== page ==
So, if not from social media, where should we derive our value?

Value in Christ

For those of us who are Christians, our value is wholly and exclusively found in Christ through belief in the gospel. One of the amazing implications of this is that when God looks at us he sees Christ. Further, because of what Jesus achieved through his death and resurrection, all the satisfaction and contentment we need is found in him, the gospel and the Bible. May these amazing truths be governing our engagement with social media.

Personally speaking, these truths should prompt a number of practical applications. Firstly, I need to be more content in the knowledge that it really doesn’t matter how many likes or retweets I get and that it isn’t compulsory (although by no means wrong) to interrupt my day out at the football to tell everyone what a great time I’m having, complete with multiple pictures. No, as Christians, whether we get one like, or a hundred we can be content in the knowledge that no matter how popular or unpopular we appear to be in the eyes of our social media pals our value, unfaltering and unfading, can be found in Christ.

How liberating!

An edited version of this article was first published in the September print edition of Evangelicals Now

The story of baby gammy, down syndrome and the world’s view of disability

The story so far is a very sad one, a couple from Australia ‘commission’ a Thai woman of 21 years to carry twins for nine months with the agreement that once she gives birth, they be taken back to start their new life in Australia.

However, the reality is turning out to be rather different. Whilst the girl would indeed be brought back, the boy would be left behind. Why? Seemingly because he has Downs Syndrome (DS).

So far, so sad. The parents argue that throughout proceedings they were oblivious to existence of a twin boy. At this stage, it’s impossible to tell who’s telling the truth and who isn’t, and it would be unfair to take sides at this juncture. Nor is it my aim to discuss the ethical minefield that is the international surrogacy industry. No, my purpose here is to draw attention to the fact that somewhere down the line, someone, or some entity, took the view that baby Gammy was worth less than his sister due to his disability.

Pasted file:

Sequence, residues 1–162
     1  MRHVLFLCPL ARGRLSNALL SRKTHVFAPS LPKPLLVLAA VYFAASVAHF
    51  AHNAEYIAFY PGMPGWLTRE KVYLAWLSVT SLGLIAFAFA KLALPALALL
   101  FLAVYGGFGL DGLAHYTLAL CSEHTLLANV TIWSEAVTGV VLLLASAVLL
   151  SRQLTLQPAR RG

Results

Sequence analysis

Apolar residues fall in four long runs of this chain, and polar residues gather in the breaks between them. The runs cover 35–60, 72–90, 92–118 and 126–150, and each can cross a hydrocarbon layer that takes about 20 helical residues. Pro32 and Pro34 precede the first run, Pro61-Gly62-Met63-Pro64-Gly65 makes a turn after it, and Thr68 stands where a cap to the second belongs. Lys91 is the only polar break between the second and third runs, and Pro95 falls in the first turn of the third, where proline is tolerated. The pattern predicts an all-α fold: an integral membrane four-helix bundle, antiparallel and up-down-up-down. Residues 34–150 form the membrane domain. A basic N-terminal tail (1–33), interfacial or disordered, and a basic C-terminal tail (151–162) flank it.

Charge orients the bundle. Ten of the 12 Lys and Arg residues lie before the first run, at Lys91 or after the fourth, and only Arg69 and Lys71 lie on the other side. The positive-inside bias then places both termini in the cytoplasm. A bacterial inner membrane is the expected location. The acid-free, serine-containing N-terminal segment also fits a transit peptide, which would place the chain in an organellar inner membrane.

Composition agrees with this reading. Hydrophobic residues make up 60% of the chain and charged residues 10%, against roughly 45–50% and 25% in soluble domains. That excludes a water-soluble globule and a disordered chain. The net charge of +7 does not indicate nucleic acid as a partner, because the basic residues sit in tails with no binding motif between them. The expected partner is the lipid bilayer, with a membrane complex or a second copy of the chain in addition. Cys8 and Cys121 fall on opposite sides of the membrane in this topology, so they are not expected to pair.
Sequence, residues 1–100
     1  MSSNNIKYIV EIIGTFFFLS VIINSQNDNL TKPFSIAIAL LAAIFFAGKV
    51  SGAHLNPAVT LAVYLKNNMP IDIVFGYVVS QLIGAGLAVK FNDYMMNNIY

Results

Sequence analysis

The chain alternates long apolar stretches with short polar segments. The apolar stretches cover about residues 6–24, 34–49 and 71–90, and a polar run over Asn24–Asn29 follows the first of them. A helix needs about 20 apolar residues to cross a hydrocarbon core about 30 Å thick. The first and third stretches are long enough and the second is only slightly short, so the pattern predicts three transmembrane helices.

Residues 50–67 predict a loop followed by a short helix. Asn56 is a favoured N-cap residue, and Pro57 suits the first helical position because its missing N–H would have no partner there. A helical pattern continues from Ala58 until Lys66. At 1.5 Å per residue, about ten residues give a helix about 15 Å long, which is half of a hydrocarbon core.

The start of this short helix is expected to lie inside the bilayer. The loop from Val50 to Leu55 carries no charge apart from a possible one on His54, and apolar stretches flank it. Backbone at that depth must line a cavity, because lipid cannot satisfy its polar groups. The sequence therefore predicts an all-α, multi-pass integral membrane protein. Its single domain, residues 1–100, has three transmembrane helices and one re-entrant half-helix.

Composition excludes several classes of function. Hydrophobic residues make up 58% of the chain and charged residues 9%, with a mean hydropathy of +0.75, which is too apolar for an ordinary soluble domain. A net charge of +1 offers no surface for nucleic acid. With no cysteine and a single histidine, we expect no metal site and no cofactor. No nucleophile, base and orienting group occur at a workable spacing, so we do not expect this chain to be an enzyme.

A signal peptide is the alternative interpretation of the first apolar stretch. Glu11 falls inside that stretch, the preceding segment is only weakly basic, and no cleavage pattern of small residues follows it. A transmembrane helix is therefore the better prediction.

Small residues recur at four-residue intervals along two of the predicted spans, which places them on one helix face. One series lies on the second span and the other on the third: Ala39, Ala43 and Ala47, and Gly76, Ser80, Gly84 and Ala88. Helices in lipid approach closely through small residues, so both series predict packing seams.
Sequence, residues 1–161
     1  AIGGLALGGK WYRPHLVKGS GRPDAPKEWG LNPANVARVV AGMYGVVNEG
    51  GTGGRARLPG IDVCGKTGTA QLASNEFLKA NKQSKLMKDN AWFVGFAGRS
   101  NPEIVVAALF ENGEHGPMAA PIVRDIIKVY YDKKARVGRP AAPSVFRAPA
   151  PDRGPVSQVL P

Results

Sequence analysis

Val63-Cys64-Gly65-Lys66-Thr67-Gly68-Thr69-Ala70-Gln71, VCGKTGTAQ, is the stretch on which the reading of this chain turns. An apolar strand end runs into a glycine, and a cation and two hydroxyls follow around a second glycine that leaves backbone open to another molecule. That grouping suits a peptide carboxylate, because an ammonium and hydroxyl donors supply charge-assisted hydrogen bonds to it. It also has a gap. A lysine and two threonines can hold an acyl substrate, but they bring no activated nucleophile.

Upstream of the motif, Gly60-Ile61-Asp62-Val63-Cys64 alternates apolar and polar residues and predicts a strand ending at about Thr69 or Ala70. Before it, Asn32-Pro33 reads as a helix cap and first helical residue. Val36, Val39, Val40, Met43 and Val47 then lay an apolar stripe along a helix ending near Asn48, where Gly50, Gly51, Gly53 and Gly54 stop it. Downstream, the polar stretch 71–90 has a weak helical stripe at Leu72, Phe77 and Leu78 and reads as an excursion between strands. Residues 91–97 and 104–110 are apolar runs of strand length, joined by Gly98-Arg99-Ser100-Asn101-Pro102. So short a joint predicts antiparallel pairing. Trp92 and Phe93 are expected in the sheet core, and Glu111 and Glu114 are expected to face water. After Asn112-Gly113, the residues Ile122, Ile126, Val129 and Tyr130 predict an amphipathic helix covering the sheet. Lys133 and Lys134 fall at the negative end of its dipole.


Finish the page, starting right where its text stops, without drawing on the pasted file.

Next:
I find this deeply troubling, and I think it aptly demonstrates an increasingly pervasive and negative attitude toward those with disabilities.

This attitude is clear when we look at the hard facts. According to international statistics, more than 90% of babies diagnosed with Down Syndrome are aborted before birth, whilst disability hate crime and stigma are an all too common reality in the UK. In light of such massive hostility, is the treatment of Baby Gammy (and perhaps many more like him) really that surprising?

Lest we forget that despite the very real limitations and challenges DS presents, children and adults with this condition can and do offer so much to their friends, family, workplaces and society as a whole. Make no mistake, whatever our society says those with DS and other disabilities are a blessing to this world, not a hindrance. The evidence of this isn’t hard to come by, simply conduct a Google search and you’ll find an abundance of stories from parents and those with DS alike confirming the above. In the words of Tom Bachofner, father of Rosie and the man behind ‘thefuturesrosie’ blog:

We wouldn’t change a thing about her. After all, Down’s doesn’t define who she is – it’s just one part of her.’

Thus, instead of consigning those with disabilities to the scrap heap, let’s embrace the privilege it is to live alongside them. Doing so not only enhances our credentials of being a truly diverse and inclusive society, but shows that human beings are so much more than ‘the sum of their parts’ educationally, materially or otherwise. To put it another way, those with DS and other disabilities has the potential to enhance the very things that can’t be measured in metrics but matter so much in everyday life, love, compassion, kindness, perseverance, sacrifice, the list goes on. This is not only true through the actions expressed towards those with disabilities, but also through the abundance which is given back to parents, siblings, friends, wider family, society etc.

I refuse to accept that disabled children and adults alike are a problem to be solved. I refuse to believe that educational and intellectual ability and notions of achievement should determine worth and I refuse to accept that those with disabilities should be shunned by the rest of us on the account of not being desirable enough.

It’s about time attitudes toward DS and disability in general radically changed.